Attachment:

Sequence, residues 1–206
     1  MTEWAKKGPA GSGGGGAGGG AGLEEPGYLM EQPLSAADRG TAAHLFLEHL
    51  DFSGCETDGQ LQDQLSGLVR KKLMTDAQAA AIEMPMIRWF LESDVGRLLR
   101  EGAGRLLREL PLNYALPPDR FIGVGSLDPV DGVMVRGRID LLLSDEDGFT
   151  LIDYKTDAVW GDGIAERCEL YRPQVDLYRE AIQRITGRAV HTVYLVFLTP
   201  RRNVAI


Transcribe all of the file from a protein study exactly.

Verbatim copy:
Sequence, residues 1–206
     1  MTEWAKKGPA GSGGGGAGGG AGLEEPGYLM EQPLSAADRG TAAHLFLEHL
    51  DFSGCETDGQ LQDQLSGLVR KKLMTDAQAA AIEMPMIRWF LESDVGRLLR
   101  EGAGRLLREL PLNYALPPDR FIGVGSLDPV DGVMVRGRID LLLSDEDGFT
   151  LIDYKTDAVW GDGIAERCEL YRPQVDLYRE AIQRITGRAV HTVYLVFLTP
   201  RRNVAI